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Conering - Foot Position Inside Foot Hurting


w0ngster
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Hi guys,

 

I recently traded up and went from a cbr600rr to a cbr1000rr. The problem I encountered was that after a brief canyon cruise to feel the bike out, I noticed that my inside foot is KILLING me. I have aftermarket rear sets and lowered them to stock height and nothing has changed. It feels like all my weight is on the inside peg. To be exact, my foot where the peg sits. My outside leg is locked into the bike/tank however, the outside foot feels like it isnt locked into anything? (kind of get it?) I can't move my leg but my my foot and calf feels weightless no matter how i push or angle it into the bike.

 

I dont know if you guys can relate. I've taken a few 1 on 1 lessons and know my BP is ok and just requires more tweaking but i've never encountered my foot fatiguing and quad in something so casual as a canyon cruise. I was never fatiged with my 600. Also have not taken this new bike on the track yet.

 

Thanks!

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While I have not had this exact problem I did suffer from knee issues on my inside leg until I took level 3. While I thought I was in good position I was too far off of the seat so my pivot point wasnt solid and I had too much weight on my inside leg. It would seem to me that if your outside foot is not planted then you don't have an effective pivot point. Weighting the outside foot allows you to drive your knee into the tank and use the strength in your quads to help support your weight.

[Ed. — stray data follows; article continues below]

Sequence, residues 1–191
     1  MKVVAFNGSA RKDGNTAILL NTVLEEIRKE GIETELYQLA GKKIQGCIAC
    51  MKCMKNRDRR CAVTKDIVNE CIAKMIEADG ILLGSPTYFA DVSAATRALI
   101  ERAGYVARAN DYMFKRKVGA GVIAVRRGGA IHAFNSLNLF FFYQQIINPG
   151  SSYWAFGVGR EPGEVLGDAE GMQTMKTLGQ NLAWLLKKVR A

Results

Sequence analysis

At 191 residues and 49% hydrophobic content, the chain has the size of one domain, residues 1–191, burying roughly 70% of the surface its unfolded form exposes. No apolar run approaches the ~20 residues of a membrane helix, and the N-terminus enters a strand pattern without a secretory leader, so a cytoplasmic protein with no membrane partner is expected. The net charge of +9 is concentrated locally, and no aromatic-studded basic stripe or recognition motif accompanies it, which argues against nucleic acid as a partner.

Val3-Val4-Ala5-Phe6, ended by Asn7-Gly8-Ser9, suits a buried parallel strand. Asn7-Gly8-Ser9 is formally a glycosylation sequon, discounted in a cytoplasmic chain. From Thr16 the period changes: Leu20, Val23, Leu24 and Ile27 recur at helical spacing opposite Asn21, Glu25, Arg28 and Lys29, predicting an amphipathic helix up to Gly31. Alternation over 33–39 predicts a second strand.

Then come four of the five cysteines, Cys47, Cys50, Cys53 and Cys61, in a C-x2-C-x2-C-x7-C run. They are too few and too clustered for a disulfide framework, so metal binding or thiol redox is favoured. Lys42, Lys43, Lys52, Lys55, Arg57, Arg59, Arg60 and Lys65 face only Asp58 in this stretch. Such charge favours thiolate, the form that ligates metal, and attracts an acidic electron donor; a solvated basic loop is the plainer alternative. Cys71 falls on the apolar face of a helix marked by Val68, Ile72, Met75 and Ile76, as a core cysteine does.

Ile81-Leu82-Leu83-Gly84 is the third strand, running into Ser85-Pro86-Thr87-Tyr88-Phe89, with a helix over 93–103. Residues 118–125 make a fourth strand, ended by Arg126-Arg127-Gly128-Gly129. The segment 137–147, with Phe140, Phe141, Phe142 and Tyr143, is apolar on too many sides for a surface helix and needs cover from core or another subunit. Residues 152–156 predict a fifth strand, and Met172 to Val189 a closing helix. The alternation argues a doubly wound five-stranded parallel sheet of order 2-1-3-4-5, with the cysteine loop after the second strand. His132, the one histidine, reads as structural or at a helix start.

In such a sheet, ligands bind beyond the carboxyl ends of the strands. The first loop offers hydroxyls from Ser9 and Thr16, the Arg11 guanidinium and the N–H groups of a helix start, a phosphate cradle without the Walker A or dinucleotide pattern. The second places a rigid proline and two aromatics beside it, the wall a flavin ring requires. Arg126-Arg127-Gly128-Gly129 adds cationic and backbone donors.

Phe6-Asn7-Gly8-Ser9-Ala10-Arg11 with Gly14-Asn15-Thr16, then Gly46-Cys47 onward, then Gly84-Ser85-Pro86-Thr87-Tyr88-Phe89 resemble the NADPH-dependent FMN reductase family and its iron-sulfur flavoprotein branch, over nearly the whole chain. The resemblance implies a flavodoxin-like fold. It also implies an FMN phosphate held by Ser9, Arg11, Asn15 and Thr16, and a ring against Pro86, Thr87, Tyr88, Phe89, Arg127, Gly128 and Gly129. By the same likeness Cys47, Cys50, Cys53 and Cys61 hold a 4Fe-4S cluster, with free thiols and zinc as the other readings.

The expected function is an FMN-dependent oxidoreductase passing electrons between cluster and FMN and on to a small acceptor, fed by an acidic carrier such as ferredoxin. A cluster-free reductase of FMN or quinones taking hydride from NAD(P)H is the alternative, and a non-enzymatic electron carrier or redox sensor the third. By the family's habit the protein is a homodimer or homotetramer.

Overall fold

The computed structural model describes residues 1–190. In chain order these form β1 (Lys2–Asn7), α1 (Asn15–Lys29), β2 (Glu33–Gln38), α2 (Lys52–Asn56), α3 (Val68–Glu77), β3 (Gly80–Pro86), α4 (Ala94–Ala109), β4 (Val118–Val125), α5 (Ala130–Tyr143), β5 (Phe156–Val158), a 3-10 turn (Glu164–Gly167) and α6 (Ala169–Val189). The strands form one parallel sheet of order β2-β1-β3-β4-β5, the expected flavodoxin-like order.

For me, this was something that really didn't sink in by reading it. Having the coaches work with me on the static bike really helped. Hopefully one of the coaches can chime in and give us their thoughts.

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I went from a 954RR to a 600RR and found the 600RR to be a much better fit for me. It may be that the 1000RR is putting your body in a position that is not ideal. Because of the different riding position, you may be moving your butt way too far off the seat when cornering. If that's the case, you might be really crossed up, which will make it difficult to lock on with your outside leg. THAT will cause you to put more weight on the inside foot.

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About 2,000Miles on the 1000rr

 

Rode today... I noticed that turns that require more lean, it feels as if i'm floating above the bike when i'm entering/middle of the turn. No real lock on the bike. I tried sitting in different parts of the seat still no cigar... Friends of mine who vary from 5'8 to 5'11 say the bike feels fine for them. Me persaonlly, i'm 6'1ft

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Does this happen for both right & left turns? So matter what, it's the inside foot of whatever turn you are taking?

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You mention twice no real lock on the bike...this will be fundamental. Also (as mentioned above by several), having the lower body too far off, and the forward/rearward position of your butt/hips will be critical.